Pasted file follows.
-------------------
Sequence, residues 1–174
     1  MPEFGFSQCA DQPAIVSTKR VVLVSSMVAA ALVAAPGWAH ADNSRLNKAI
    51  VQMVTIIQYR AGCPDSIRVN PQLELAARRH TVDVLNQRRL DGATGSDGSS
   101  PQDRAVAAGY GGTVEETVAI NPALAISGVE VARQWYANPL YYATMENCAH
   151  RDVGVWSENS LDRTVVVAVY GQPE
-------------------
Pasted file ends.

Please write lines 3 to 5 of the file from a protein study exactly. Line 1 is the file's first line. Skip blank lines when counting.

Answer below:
    51  VQMVTIIQYR AGCPDSIRVN PQLELAARRH TVDVLNQRRL DGATGSDGSS
   101  PQDRAVAAGY GGTVEETVAI NPALAISGVE VARQWYANPL YYATMENCAH
   151  RDVGVWSENS LDRTVVVAVY GQPE